By CAMERON BOLTON
On March 27, Drake held an annual drag show that was presented by Rainbow Union and La Fuerza Latina. Rainbow Union is an organization for LGBTQ+ students that meets Wednesday nights at 9 p.m. in CAYA house. The current president of Rainbow Union is junior psychology major Luke Miller, who has held the position since last November.
“The drag show is probably what we’re best known for at Drake and that is an opportunity to not only have amazing performers dance on stage but also interact with the queer community and feel the support of your peers around you,” Miller said.
Rainbow Union is going through the archive to uncover how long the organization has existed and how long it has been doing the drag show. According to Miller, they have found posters that go as far back as 2004 and while he doesn’t know how much further back it goes, he estimates that it’s been at least a decade.
“Drag has always been a form of activism,” said M.Ed.Tony Tyler, director of student engagement, equity and inclusion. “It started with typically trans women of color would often start in drag and other communities of color started exploring drag and exploring power relationships in terms of gender and gender presentation and gender performance.”
According to Miller, the drag show is a fundraiser for Iowa Safe Schools, a lobbyist group that works with politicians for LGBTQ+ rights. They also offer a lot of important resources as well, such as visiting high schools in order to talk to teachers and administrators about how they could create a more inclusive environment. They form a governor’s conference to provide education to LGBTQ+ youth about sexuality and the LGBTQ+ community that might be lacking in schools. According to Tyler, this year the drag show raised about $900 to go towards Iowa Safe Schools.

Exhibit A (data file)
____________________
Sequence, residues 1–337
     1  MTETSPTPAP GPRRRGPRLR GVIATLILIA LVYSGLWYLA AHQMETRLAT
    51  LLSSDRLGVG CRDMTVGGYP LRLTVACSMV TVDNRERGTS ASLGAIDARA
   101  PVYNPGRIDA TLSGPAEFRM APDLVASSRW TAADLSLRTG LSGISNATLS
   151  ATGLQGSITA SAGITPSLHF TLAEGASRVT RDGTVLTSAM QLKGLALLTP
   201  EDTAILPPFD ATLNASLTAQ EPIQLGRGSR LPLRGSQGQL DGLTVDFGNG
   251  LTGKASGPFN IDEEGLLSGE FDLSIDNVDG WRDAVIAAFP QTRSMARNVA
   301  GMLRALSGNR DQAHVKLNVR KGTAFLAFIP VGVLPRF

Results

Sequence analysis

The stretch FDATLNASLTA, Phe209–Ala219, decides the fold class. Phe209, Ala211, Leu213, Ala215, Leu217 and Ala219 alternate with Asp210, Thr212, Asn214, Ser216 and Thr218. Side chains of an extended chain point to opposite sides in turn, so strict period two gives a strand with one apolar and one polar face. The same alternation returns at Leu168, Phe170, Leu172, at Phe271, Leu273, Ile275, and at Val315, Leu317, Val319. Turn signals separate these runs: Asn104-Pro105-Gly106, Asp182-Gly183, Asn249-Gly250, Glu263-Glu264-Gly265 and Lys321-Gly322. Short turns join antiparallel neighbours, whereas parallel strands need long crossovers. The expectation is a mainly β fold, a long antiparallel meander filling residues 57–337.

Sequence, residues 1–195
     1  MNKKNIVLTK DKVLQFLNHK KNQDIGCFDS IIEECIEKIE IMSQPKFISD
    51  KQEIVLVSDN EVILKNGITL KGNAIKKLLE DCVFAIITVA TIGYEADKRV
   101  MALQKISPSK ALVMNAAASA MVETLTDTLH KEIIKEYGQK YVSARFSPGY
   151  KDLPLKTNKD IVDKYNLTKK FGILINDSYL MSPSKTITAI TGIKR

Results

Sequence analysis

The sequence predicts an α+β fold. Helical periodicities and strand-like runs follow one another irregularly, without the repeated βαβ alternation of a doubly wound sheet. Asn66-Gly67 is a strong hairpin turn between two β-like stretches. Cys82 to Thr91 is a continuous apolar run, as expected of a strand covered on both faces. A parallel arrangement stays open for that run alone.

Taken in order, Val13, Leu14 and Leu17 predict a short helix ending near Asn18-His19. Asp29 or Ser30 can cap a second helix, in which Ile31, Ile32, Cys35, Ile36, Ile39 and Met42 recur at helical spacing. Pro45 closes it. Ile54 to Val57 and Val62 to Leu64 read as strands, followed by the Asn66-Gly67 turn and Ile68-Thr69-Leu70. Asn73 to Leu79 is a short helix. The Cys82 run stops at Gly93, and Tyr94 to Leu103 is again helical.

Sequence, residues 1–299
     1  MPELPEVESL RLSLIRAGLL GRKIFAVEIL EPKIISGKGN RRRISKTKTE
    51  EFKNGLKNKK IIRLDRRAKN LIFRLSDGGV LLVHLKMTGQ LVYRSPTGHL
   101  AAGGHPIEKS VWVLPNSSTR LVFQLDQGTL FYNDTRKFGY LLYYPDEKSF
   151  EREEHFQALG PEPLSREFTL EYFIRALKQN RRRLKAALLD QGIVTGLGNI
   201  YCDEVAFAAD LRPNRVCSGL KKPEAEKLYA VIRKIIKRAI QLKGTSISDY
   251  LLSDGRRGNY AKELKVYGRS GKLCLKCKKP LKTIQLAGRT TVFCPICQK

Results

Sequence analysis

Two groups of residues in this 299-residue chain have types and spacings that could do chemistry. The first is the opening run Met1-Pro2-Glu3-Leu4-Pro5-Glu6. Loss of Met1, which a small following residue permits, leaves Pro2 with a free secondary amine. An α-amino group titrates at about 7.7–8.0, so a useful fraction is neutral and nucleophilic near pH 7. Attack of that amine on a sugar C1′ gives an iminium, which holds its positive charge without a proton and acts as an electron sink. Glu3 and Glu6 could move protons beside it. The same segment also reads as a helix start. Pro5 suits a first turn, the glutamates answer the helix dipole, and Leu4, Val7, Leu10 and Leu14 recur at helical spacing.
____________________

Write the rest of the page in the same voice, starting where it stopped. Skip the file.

“So we fundraise for Iowa Safe Schools, but I think also on a more basic level that the drag show itself is a form of activism because it’s a very public space. We donate to the drag show, it’s not like you just hand them a dollar at the door or whatever. To donate, you actually have to go up to everyone and hand a drag queen a dollar, which kind of puts you in the center of attention for a second,” Miller said. “Everyone sees you up there supporting the queer community. Even though that’s a pretty basic level activism, I think that for a lot of people it’s really empowering to you know, be able to say ‘Hey, here I am. I support this.’”
There are other events that Rainbow Union does besides the drag show as well, such as hosting Other Prom, an event where high schoolers who feel unwelcome going to their school’s dance still get to express themselves and experience that formal dance setting. In the fall, Rainbow Union has an event called Rainbow Welcome, which is an opportunity for new students to interact with queer alumni. Miller said that in the spring they have a more informal event where they come out, and they’re also hoping to have a self-care event that they’re going to collaborate on with DAAC (Disability Awareness Action Community).
“I think Rainbow Union does a lot on campus. When we see a problem, we can step in and say ‘How can we help what needs to be done to fix this?’ I think that’s a really important role that our organization plays,” Miller said. “Whenever we see a problem, it’s our responsibility to take steps towards fixing it, which, at a very basic level, can be coming to someone and saying ‘Hey, we have a problem too. We’re getting to point where we have a solution and executing them.’”